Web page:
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Pheasant - François Pompon (1855-1933)
Pheasant - François Pompon (1855-1933) - Sculpture Style Art Déco Pheasant - François Pompon (1855-1933) - Pheasant - François Pompon (1855-1933) - Art Déco Antiquités - Pheasant - François Pompon (1855-1933)
Ref : 93924
12 000 €
Period :
20th century
Artist :
François Pompon (1855-1933)
Provenance :
Medium :
Dimensions :
L. 5.59 inch
Sculpture  - Pheasant - François Pompon (1855-1933) 20th century - Pheasant - François Pompon (1855-1933) Art Déco - Pheasant - François Pompon (1855-1933)
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Sculpture of the 19th and 20th centuries

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Pheasant - François Pompon (1855-1933)

Exceptional bronze with old gilded patina
Cast by Valsuani
Period cast

circa 193O
height 8,2 cm
length 14,2 cm

A similar model is represented in "Pompon, Catalog raisonné", Editions Gallimard, RMN, 1995, page 202, n°95B.

François Pompon (1855-1933) is known for his animal sculptures whose innovative style is characterized by the simplification of shapes and polished surfaces. Pompon entered as an apprentice in the workshop of his father, Alban Pompon (1823-1907) who was a "compagnon du devoir" of the carpenter-cabinetmakers. Thanks to a scholarship obtained by the parish priest, he left in 1870 for Dijon where he became an apprentice stonemason with a marble worker. He attended evening classes at the School of Fine Arts in Dijon, first in architecture and engraving with Célestin Nanteuil, then in sculpture with François Dameron (1835-1900).

After a short stint in the army in 1875, Pompon arrived in Paris where he became a marble worker in a funeral business near the Montparnasse cemetery. He attended evening classes at the Petite École, the future National School of Decorative Arts. His teachers were the sculptors Aimé Millet (1819-1891) and Pierre Louis Rouillard (1820-1881), also professor of anatomy, who showed him the menagerie of the Jardin des Plantes.

In 1890, François Pompon entered the studio of Auguste Rodin (1840-1917), where he worked as a practitioner at the marble depot, rue de l'Université. He quickly gained the master's confidence since he ran the workshop in 1893. His role then was to pass on the accounts, pay for the marbles and supervise the work. It is in this same workshop that he met Ernest Nivet and Camille Claudel. He worked for a long time as a practitioner for other sculptors such as Jean Dampt in 1885, Antonin Mercié in 1888, Alexandre Falguière in 1890, or René de Saint-Marceaux from 1896 to 1914, as well as for Camille Claudel. Pompon was interested in the art of the Far East and he was deeply marked by the Japonism then in vogue at the time. He also admired Egyptian art exhibited at the Louvre. His first known animal sculpture represented a "Lucane" (1874).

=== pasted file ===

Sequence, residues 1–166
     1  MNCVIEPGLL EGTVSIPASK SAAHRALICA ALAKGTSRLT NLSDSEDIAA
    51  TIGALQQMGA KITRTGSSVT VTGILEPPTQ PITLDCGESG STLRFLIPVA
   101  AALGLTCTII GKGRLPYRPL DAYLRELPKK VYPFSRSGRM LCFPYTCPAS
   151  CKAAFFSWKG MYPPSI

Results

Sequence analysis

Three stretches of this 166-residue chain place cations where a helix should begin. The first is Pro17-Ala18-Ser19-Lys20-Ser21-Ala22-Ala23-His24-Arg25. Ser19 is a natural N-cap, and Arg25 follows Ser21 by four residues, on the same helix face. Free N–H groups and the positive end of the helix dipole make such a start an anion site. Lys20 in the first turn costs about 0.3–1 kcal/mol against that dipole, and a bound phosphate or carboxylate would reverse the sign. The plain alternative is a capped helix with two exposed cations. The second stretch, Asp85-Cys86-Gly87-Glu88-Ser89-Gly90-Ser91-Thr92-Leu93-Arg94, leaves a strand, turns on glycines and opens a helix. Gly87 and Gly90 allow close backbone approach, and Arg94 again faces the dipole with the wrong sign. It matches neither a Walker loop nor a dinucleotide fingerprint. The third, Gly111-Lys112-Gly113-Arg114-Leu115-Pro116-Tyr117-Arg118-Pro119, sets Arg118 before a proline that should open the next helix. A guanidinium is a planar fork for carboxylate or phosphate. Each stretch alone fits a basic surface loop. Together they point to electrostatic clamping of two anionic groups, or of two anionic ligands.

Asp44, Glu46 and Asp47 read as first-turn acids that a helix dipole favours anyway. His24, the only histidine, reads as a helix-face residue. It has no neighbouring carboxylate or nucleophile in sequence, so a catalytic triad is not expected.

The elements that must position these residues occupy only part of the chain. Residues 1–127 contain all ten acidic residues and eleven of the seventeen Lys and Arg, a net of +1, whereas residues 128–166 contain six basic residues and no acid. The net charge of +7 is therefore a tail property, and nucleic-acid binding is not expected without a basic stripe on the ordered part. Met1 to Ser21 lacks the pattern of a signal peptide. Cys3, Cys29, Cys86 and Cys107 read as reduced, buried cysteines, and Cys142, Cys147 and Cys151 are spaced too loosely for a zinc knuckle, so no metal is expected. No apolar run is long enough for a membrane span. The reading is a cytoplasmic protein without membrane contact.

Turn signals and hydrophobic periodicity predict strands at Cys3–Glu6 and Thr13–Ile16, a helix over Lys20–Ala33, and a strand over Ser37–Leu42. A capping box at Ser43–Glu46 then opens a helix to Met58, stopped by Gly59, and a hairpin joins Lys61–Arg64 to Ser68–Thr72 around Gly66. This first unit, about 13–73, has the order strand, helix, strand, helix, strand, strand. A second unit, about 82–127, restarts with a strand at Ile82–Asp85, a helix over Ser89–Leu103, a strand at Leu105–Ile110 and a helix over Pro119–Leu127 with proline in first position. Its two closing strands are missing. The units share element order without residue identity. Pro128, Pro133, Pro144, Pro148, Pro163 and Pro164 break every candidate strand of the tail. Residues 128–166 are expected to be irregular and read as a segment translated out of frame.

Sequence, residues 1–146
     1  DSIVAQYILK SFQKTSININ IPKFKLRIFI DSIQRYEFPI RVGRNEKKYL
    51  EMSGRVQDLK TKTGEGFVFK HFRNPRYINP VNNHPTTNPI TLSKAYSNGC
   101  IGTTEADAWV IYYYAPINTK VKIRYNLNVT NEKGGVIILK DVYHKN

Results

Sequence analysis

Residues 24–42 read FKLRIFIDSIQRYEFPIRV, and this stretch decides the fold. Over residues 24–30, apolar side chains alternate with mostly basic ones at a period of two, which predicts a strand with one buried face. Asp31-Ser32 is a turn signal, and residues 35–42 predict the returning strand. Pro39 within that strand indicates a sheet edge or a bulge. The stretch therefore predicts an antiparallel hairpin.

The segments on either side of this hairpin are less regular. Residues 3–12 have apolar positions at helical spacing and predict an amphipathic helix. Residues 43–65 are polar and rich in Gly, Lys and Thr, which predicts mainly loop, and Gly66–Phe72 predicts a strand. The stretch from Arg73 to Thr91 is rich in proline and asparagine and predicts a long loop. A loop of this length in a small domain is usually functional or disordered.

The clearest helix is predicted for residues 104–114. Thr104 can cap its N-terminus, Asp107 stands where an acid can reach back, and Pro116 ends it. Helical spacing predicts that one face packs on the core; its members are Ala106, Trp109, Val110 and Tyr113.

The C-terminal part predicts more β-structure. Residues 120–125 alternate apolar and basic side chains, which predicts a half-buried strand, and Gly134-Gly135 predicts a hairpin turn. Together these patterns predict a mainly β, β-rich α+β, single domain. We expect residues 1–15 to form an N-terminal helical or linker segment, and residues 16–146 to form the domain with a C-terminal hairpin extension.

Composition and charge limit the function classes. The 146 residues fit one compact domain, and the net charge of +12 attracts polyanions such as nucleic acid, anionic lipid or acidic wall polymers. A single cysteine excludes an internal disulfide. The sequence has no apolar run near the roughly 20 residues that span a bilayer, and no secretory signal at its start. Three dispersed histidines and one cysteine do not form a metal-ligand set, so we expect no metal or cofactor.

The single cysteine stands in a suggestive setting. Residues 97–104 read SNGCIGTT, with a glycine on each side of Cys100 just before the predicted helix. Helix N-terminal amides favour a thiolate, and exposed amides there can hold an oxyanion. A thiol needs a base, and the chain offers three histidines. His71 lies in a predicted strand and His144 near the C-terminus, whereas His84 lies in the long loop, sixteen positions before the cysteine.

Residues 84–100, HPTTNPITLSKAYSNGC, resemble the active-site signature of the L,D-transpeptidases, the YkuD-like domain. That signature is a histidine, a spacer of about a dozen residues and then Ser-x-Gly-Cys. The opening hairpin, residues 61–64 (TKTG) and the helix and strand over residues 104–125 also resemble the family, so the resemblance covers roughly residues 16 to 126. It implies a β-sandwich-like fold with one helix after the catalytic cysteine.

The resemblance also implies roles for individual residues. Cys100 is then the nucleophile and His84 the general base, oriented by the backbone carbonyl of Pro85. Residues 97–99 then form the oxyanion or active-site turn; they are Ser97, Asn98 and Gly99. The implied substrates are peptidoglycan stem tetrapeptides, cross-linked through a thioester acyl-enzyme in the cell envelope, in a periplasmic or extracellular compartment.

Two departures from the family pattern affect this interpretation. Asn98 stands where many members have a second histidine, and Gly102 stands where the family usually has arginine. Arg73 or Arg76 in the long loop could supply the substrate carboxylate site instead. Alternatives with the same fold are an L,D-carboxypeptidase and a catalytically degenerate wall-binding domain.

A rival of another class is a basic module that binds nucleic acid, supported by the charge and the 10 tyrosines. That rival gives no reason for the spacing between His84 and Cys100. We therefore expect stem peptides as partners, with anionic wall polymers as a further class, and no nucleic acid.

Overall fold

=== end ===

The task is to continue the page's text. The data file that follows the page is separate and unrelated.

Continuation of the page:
François Pompon's final choice to work only with animals was made in 1905, when the animal-subject was in tune with the times, with the dissemination of the discoveries of primitive and prehistoric civilizations in journals such as Le Premier Volume des albums Reiber (1877) and Le Japon Artistique (1888-1891), the Universal Exhibitions of Paris (1867, 1878 and 1889) and the oriental animal bronzes brought to Paris by Henri Cernuschi from 1873. He then decided to simplify the shape of his sculptures. He polished surfaces and removed details. During the First World War, René de Saint-Marceaux died in 1915, and Pompon, too old to be mobilized, found himself out of work. The animals in the plant garden having been slaughtered, Pompon had to cease his activity as a sculptor to live on small trades: employee of the Samaritaine in 1916, then worker in various workshops.

But it was not until 1922 that François Pompon became famous for sending the "Ours blanc" (polar bear) to the Salon d'Automne in that year, where his work contrasted with its modernism on the aesthetics of the realistic sculpture inherited from the 19th century. Pompon's works were published by the Hébrard Foundry until 1922. Then Pompon followed his workshop manager Claude Valsuani to whom he entrusted his models when he took over his father's foundry at 74 rue des Plantes in Paris.

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